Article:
The first step it does is to call “Create_cubes_with_Key”, but this time, it is a key consisting of 25 numbers. The value of all zero represents a gray cube matrix at the initial stage.
Depending on the chosen level, the program will change key values by different patterns and rules. It could set random key values (using Set_RandomKey), change key value by rows or columns (using “Change_key_by_RC”), change the value at a specific position (using “Change_key_at_index”), or replace a specific key value with another one (by using “switch all”). When the Key value is set, it applies key value to Cubes by calling “ApplyKeyToCube”.
If you would like to remix this project, one aspect to do is to add more steps for each level and use different key change combinations, so the game becomes extendable.
By the way, if you have read my previous post, you could compare the remix project with the initial BeatCube! project. Please note that many block names have been changed. The reason is just what I has explained above, to make the name speak for themselves. Moreover, I remove some unnecessary input parameters. The old and new name matching list is shown below.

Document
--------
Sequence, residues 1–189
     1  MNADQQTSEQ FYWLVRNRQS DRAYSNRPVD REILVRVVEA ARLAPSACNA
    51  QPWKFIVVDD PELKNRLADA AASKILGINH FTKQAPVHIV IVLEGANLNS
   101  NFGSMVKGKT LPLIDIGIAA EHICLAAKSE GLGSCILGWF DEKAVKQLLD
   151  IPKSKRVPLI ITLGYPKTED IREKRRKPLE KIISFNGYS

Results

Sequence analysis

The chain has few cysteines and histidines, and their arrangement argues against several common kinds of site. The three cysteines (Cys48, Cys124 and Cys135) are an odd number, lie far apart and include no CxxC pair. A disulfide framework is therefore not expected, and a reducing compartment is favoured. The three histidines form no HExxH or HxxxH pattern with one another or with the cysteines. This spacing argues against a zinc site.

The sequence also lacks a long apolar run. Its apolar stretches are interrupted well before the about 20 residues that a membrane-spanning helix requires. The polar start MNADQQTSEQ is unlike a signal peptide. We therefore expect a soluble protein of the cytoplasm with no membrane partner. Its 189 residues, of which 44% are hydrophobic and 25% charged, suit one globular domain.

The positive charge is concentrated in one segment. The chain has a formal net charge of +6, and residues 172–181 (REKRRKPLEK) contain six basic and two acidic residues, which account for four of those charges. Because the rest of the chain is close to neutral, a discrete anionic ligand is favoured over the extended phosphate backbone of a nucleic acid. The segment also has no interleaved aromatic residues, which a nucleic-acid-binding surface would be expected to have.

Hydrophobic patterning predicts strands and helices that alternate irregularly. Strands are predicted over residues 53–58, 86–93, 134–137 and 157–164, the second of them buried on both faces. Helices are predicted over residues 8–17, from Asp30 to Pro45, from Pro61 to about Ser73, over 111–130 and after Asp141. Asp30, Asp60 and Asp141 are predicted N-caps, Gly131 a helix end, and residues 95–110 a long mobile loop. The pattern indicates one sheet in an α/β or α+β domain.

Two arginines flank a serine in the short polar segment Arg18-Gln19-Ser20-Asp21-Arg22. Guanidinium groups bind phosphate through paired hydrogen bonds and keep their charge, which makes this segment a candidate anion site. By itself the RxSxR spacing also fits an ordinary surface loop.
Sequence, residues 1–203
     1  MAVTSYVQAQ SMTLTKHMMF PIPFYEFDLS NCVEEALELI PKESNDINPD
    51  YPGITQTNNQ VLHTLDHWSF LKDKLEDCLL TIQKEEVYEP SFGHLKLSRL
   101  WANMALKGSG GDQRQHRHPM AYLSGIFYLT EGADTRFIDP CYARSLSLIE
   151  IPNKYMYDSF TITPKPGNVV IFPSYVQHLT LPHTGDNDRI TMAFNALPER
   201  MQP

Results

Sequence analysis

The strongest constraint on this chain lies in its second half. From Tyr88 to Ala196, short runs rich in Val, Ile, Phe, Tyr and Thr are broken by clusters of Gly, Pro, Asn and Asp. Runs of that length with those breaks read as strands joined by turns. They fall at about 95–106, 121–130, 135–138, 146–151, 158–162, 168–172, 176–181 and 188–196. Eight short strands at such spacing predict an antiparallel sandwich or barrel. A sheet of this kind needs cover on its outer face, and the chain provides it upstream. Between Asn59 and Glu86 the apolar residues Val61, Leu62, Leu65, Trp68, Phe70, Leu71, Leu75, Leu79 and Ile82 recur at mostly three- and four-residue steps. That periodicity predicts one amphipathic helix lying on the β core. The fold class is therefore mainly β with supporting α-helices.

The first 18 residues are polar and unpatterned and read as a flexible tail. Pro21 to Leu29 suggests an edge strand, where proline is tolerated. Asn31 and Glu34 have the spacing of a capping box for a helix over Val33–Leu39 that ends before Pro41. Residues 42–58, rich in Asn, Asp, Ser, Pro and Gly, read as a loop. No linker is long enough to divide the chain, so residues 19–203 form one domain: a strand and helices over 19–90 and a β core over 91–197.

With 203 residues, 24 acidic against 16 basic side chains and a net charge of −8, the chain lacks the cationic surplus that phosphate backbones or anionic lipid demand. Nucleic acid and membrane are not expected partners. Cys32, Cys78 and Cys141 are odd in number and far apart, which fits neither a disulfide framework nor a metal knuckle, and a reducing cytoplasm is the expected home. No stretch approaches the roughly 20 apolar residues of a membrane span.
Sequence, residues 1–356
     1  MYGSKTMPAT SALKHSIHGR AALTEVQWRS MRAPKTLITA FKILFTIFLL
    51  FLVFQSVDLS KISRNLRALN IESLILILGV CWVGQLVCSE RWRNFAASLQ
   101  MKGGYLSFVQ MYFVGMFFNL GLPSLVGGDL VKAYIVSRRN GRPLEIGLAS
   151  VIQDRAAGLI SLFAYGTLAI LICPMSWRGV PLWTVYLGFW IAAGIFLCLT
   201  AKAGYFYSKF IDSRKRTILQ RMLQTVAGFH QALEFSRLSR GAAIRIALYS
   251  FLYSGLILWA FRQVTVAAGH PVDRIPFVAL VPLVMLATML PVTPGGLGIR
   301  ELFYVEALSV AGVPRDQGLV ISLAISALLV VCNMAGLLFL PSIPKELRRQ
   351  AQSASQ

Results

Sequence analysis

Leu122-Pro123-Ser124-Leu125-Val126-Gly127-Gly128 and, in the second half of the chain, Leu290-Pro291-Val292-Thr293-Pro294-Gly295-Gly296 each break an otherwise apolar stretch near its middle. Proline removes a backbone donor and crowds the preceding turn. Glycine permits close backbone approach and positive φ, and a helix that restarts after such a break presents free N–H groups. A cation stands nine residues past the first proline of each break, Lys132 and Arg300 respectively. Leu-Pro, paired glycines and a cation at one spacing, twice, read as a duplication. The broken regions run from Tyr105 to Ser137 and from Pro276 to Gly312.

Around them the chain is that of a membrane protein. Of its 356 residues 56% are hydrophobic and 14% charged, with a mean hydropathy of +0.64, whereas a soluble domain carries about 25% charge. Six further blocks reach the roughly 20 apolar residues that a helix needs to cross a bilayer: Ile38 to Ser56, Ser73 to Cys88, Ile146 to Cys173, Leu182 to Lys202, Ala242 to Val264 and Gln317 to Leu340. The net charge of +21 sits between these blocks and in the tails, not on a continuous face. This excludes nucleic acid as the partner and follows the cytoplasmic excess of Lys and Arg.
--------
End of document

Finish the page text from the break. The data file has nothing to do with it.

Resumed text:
The above are the key code segments for Land sprite. In the following section, I will explain those block definitions related to Key and Cubes.
“Set_RandomKey” Code Segment
This block is renamed from previous “RandomKey (Size, Type)”. I renamed it so that people could clearly know it is a setting behavior. It iterates for Key_size times and sets value either to a specified number or 0 for Key variable. For example, Set_RandomKey (25, 3), it will fill 25 items into Key variable, and the value could be 0 or 3 randomly. The Key might be something like “0300003033003330003003030”.